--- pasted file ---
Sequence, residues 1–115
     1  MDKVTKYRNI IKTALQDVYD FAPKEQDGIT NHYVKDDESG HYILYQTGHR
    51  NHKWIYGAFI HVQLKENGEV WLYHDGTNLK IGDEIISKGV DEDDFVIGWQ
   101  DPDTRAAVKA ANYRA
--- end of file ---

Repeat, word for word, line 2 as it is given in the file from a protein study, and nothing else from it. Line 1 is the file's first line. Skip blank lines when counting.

     1  MDKVTKYRNI IKTALQDVYD FAPKEQDGIT NHYVKDDESG HYILYQTGHR